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Marquette Wire

The student news site of Marquette University

Marquette Wire

The student news site of Marquette University

Marquette Wire

ELMS: Media business sadly still a man’s world

A few weeks ago, I watched the film “Miss Representation” in my communications class, Race and Gender in Mass Media. The title of the 2011 Sundance documentary accurately reflects the issues the film brings to light: how mainstream media contributes to the under-representation of women in positions of power and influence in the United States and the ways in which these women are perceived.

I am both a woman and someone pursuing a career in journalism, which is part of the mass media, so I considered myself to be fairly well-versed in the issues surrounding “Miss Representation” before I even walked into the screening. Ninety minutes later, I was left surprised and, truthfully, a little shaken up.

Sure, I know men hold more positions of power than women in the media, and it is no secret that women are constantly shown as skinny, blemish-free, sexualized characters. All this is frustrating, but I was shocked by the statistics illustrated in the film.

I learned that women hold only 3 percent of clout positions in telecommunications, entertainment, publishing and advertising in the United States and comprise only 16 percent of all writers, directors, producers, cinematographers and editors. As a woman working to make a career out of writing, editing and publishing, these numbers are more than a little disconcerting.

“Miss Representation” writer, director and producer Jennifer Siebel Newsom includes interviews with a slew of politicians, journalists, entertainers, activists, academics and teenagers throughout the film, along with startling clips from mainstream American media outlets.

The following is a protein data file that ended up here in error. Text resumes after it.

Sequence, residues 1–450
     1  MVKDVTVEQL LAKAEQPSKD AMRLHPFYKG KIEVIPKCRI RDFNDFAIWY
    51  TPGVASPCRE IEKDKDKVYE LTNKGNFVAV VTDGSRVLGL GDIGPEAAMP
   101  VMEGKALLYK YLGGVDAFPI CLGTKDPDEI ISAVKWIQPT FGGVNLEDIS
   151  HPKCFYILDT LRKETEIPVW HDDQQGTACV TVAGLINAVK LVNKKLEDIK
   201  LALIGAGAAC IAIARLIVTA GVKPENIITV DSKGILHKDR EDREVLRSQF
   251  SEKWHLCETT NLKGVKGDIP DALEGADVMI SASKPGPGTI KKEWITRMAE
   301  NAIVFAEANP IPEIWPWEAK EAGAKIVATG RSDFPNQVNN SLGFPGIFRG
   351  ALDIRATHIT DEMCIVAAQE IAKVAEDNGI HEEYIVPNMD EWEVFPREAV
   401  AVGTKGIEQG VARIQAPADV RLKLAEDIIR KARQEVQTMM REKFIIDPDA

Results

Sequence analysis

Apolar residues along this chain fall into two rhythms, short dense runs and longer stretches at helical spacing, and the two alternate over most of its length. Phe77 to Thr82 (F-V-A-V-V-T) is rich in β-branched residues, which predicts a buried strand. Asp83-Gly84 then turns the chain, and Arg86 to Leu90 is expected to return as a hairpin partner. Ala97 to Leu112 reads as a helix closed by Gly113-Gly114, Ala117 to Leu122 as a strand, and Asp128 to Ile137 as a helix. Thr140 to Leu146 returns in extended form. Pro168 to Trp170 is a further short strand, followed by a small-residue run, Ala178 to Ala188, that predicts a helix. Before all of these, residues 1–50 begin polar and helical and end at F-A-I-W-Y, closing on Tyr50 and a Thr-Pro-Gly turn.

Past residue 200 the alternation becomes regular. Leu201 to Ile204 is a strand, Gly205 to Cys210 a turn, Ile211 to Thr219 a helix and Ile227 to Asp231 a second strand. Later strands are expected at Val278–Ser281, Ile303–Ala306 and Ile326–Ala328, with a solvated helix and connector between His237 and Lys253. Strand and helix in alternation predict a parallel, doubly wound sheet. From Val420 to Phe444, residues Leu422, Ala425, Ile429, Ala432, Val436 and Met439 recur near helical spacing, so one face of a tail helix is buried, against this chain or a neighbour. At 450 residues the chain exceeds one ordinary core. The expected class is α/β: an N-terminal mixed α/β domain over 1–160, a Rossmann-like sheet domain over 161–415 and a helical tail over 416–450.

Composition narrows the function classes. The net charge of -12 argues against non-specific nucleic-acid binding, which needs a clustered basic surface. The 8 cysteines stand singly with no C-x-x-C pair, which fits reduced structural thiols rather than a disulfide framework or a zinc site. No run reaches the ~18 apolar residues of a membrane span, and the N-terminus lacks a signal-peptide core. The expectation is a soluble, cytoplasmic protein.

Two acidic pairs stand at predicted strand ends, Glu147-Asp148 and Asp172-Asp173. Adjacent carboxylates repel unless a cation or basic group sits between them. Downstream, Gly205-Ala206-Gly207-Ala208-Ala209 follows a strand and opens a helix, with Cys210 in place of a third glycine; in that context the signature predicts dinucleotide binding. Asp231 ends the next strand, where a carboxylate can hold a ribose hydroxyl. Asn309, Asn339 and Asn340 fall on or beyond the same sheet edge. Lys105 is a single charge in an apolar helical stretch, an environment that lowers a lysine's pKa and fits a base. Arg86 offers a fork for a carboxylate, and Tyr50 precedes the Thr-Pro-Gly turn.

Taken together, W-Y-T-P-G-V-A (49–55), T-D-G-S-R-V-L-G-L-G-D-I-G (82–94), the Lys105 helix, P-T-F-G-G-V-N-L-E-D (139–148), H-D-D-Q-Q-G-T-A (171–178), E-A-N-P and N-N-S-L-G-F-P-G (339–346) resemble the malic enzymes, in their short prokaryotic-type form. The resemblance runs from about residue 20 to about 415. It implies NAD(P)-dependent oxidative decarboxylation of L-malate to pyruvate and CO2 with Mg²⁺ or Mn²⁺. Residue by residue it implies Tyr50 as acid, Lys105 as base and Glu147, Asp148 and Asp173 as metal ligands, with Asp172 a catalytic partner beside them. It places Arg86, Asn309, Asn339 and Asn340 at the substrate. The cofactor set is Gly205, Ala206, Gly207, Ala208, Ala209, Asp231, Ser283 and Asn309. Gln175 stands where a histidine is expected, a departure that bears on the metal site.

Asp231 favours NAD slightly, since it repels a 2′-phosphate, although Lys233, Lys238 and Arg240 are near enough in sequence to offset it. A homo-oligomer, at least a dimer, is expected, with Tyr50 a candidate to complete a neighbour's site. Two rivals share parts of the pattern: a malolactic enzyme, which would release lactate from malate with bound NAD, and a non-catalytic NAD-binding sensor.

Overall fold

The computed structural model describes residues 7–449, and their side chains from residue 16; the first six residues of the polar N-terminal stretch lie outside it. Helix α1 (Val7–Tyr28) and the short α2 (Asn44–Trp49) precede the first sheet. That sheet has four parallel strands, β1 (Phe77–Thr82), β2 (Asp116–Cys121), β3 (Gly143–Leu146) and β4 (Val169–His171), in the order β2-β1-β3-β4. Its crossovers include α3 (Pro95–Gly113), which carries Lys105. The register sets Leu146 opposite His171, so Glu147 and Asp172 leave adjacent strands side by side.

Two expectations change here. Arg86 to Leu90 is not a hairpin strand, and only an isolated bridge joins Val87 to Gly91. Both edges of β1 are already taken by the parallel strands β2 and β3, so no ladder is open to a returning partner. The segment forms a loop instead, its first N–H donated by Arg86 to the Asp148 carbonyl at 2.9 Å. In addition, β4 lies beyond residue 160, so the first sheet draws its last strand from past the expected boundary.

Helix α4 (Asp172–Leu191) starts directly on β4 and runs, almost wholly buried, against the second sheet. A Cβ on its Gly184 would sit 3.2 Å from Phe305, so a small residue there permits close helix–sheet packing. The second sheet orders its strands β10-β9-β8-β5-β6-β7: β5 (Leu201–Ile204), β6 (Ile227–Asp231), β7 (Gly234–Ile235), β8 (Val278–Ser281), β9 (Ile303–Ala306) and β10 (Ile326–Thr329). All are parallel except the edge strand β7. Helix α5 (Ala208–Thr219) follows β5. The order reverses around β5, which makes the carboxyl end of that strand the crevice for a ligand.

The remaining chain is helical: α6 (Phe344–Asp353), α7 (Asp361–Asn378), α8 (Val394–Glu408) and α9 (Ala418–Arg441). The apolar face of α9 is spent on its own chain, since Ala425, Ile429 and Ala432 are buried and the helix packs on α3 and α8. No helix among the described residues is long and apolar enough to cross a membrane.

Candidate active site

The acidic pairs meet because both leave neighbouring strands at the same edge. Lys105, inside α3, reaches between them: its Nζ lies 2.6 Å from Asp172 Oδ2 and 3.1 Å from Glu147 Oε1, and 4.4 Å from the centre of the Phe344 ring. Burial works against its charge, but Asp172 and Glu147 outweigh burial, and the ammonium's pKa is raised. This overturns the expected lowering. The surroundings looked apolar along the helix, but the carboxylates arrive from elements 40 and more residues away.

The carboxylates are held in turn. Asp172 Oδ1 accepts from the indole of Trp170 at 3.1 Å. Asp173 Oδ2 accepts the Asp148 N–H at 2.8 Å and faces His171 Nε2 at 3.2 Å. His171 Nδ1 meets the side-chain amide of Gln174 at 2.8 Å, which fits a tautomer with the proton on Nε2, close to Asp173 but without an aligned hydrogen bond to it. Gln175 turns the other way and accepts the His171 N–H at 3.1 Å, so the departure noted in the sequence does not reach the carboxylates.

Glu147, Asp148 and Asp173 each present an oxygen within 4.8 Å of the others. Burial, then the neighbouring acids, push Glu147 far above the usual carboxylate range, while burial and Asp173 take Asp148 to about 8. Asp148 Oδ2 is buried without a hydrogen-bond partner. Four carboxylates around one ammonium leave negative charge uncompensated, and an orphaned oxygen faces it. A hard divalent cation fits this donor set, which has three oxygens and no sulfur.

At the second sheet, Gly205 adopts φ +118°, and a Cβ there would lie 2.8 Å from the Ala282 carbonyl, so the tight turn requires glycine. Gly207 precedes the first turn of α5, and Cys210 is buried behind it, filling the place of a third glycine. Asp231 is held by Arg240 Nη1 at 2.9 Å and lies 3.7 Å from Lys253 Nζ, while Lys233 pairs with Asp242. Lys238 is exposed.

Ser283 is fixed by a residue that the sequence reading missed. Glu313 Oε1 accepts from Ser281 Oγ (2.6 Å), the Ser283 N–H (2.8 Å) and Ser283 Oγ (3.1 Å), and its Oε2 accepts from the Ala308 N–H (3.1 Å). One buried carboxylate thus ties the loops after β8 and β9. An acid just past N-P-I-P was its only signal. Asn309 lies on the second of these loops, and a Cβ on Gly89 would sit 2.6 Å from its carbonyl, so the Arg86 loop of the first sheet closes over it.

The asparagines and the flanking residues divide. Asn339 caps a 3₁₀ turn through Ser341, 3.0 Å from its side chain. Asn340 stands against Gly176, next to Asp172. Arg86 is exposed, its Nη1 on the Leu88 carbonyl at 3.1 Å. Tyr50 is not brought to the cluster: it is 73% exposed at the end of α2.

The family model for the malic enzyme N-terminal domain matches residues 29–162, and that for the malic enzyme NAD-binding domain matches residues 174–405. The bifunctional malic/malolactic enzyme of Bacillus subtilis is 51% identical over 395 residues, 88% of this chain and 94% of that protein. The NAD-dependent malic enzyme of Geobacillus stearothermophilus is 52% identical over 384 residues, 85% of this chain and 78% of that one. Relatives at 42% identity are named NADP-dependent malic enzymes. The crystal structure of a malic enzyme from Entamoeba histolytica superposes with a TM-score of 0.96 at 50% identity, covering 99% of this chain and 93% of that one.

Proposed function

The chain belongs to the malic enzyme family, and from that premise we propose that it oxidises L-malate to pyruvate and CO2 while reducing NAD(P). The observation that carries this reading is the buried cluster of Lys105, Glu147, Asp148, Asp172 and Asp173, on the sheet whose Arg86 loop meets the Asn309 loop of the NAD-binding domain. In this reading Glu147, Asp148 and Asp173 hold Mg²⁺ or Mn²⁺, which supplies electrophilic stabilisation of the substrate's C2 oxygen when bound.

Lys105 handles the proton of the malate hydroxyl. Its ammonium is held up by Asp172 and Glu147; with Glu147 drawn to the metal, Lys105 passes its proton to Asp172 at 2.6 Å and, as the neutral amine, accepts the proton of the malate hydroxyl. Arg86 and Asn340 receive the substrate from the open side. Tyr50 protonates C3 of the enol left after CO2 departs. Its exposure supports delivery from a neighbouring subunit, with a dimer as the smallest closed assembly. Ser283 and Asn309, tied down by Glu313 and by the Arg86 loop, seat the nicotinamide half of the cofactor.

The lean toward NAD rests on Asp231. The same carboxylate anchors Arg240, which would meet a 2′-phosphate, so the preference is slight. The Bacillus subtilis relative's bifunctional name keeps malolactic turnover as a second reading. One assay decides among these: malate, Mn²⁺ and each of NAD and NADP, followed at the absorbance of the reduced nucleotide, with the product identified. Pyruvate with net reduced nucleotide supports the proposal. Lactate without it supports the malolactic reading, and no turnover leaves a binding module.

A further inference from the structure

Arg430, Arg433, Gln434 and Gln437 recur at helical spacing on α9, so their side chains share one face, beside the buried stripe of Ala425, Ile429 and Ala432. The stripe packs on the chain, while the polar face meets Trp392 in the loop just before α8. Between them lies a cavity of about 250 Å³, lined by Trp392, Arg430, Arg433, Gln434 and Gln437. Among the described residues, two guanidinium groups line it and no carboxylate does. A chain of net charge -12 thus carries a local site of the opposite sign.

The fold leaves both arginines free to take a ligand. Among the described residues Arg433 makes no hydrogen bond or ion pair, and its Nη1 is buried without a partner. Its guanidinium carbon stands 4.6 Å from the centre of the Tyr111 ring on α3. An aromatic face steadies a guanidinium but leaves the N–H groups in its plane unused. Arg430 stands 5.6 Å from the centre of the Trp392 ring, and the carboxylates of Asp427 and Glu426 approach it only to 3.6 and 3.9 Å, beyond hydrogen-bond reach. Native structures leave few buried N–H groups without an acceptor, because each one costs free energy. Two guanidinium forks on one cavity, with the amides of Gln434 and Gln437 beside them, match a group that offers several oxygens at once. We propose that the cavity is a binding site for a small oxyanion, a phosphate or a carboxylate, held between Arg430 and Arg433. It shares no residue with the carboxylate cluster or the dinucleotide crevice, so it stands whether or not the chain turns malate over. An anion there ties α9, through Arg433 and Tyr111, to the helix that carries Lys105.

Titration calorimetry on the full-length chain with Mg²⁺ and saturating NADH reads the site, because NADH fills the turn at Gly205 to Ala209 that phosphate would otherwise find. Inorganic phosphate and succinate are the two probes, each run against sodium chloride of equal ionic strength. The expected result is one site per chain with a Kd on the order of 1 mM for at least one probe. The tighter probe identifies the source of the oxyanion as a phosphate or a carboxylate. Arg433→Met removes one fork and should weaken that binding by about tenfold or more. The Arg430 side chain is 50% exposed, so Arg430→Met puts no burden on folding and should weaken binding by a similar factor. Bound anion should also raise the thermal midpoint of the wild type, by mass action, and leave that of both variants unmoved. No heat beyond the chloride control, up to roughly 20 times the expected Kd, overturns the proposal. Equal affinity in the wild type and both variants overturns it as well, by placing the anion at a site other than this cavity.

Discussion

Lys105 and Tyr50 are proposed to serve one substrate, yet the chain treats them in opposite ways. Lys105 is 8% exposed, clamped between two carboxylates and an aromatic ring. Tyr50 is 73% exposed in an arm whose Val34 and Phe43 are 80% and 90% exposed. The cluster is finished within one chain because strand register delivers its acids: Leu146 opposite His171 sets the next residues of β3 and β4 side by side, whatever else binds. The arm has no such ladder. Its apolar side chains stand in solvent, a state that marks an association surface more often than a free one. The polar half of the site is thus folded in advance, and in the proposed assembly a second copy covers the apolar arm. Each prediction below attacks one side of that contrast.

The viewer is bombarded with music video clips of glistening, half-naked women, print ads of woman portrayed as objects, segments of TV shows like “Toddlers and Tiaras” and headlines like New York Magazine’s “The Bitch and The Ditz” (aka Hillary Clinton and Sarah Palin).

These are the representations that men and women are socialized with in our great nation. It’s no wonder women only comprise 17 percent of Congress yet make up 51 percent of the United States population.

I don’t understand how women and minorities can still be so severely under-represented in a country built on the fundamental principle of “liberty and justice for all.”

I often catch myself saying, “It’s 2012, people,” like that is supposed to mean something significant. For me, it used to mean that it isn’t the 1930s anymore, and it should be second nature in such a progressive and intelligent society as ours that women are equal to men and should be portrayed and thought of as such.

Alas, 2012 is nowhere near what I would call progressive. I am not making light of the significant strides we have made as a society, but I am saying we are moving too slow.

Just last night, Empowerment Marquette and Marquette Student Government hosted a free screening of “Miss Representation,” followed by a discussion about the way in which the media portrays women, as part of Feminism Week. If you missed it, I highly recommend you take an hour and a half out of your day and watch it with your full attention. 

Whether you are male or female, I guarantee you’ll learn something from it, and that something will likely be an ugly truth most Americans don’t want to admit: that this under-representation and misrepresentation of women in our society is a fact, not a matter of perspective.

As discouraging as that may sound, “Miss Representation” also gives everyone — male or female, media professional or not — a much-needed push to change not only the way we portray women in positions of power and influence, but the way we think about them as human beings.

Katie Couric, former CBS Evening News anchor, said it best: “The media can be an instrument of change: It can maintain the status quo and reflect the views of the society, or it can hopefully awaken people and change minds. I think it depends on who’s piloting the plane.”

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